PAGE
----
The prices of non-food items demonstrate a moderate growth rate of 5.7% in annual terms (6.4% in December 2018). The overall price increase of the entire category is restricted by the falling prices of gasoline (by 5.2% in annual terms) and stable prices of diesel fuel.

The prices for paid services remained on the historically low level of 0.8% in annual terms (4.5% in December 2018). A slowdown of inflation for unregulated services is observed, which is related to the cuts in costs of production amid the falling utility costs and the price of gasoline.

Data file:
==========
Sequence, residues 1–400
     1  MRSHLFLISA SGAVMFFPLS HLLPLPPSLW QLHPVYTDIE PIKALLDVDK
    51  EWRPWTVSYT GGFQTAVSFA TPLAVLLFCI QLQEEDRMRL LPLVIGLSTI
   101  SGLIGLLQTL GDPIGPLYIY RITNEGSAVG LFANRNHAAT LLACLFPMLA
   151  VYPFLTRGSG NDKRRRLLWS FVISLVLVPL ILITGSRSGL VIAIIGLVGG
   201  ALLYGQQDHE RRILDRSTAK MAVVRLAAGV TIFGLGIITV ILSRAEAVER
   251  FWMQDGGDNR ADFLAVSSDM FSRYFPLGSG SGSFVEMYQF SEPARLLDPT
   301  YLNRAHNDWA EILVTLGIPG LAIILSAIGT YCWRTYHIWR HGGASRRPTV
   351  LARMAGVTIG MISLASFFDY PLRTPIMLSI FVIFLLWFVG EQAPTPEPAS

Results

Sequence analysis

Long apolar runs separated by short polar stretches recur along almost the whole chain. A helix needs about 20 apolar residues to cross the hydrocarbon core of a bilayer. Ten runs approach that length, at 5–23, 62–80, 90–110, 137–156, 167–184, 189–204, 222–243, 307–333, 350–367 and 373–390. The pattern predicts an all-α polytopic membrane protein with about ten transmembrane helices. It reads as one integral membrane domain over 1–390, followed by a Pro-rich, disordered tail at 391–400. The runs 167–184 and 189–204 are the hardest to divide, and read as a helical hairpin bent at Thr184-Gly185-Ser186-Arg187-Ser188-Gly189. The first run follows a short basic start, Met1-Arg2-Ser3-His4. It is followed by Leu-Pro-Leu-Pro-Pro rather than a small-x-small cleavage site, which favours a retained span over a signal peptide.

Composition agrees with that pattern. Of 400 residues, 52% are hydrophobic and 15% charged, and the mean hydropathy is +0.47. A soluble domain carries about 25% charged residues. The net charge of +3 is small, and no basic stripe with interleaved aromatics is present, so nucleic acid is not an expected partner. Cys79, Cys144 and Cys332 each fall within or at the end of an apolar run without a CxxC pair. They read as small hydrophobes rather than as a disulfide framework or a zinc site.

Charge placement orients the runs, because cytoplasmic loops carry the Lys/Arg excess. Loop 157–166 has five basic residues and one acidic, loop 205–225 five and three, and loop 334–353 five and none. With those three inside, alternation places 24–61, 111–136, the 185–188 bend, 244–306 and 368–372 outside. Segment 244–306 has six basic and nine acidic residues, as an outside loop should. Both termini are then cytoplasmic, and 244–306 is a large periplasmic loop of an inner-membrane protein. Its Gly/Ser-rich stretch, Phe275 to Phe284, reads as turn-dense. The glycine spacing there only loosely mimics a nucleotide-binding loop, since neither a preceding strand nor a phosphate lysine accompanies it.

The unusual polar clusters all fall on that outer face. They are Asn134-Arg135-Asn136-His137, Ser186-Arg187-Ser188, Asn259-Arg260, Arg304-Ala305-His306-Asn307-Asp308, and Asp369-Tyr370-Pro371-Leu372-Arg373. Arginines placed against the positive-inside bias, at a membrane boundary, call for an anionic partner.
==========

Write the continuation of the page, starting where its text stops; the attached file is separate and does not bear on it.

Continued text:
In August of this year inflation expectations of households declined. According to the households’ survey, 60% of respondents expect the inflation to remain at the same level or to decrease 12 months ahead. The respondents assess that the inflation in the 12 months horizon will amount to 5.3%. In the medium-term horizon the annual inflation will be formed within the target range. Nevertheless, in the short run the inflation is expected to rise due to the growing domestic demand, price acceleration of particular food-stuff goods, and exhausting effect of the reduced tariffs for regulated services in the 1st quarter of 2020. All of the above cause the risks for inflation to exceed the upper boundary of the target range.